When a new set of rules is first introduced, our first reaction is often fear. Fear of compliance, of punishment, of red tape.
• The GDPR requires that you give your contacts the “right to be forgotten.” They can request that you delete them from your database. Not only will that satisfy the specific contact in question; it’ll ensure that you’re not wasting your time trying to market and sell to people that have no interest in your product or service. That means more time to focus on your best prospects and customers.
• Perhaps most importantly, the GDPR requires lawful basis for processing. In other words, you need a legal reason to use a contact’s data, like consent or legitimate interest. That’s bad news if you’re purchasing lists: not only is this not allowed under the enrola Acceptable Use Policy, but now it’s also not permitted under the GDPR. That may sound painful in the short term, but it’s good news for your company in the long run. Think about it. Who’s more likely to buy from you: a set of email addresses scraped off the internet who may or may not have ever heard of you, or a set of engaged contacts already interested in your product or service? We’ll take our chances with option two. Making sure you have established a lawful basis will lead to a more engaged list, better email deliverability, and fewer annoyed contacts.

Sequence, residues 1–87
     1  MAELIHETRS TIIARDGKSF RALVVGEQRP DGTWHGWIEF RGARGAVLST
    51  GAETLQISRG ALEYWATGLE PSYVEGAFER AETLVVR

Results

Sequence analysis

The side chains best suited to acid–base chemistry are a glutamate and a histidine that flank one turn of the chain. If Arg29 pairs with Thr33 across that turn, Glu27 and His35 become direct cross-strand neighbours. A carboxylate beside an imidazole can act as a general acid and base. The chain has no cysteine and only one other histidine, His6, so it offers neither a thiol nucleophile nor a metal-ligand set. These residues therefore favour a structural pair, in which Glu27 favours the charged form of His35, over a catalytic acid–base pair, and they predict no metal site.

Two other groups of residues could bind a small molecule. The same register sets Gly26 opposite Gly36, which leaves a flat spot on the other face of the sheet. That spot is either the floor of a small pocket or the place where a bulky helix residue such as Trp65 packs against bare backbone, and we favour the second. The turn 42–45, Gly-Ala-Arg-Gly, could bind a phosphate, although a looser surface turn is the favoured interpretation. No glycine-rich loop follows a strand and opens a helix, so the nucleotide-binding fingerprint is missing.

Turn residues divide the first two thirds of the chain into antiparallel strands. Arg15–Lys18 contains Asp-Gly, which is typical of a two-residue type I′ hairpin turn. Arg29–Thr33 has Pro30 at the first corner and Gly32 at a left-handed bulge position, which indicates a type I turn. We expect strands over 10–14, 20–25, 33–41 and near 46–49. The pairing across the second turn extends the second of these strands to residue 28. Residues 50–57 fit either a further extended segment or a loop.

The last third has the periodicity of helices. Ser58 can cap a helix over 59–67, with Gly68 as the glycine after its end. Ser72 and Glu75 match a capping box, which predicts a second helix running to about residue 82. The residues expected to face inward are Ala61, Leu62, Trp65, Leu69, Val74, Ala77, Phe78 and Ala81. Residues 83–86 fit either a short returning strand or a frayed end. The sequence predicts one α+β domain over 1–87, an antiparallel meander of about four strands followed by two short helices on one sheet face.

For many companies (and this includes enrola) GDPR compliance is stressful and work-heavy. But, as you work through those long hours reading through the GDPR and building out your processes, don’t forget the purpose behind the law: to provide better, more secure, more transparent experiences for your applicants.
When your applicants win, you win too.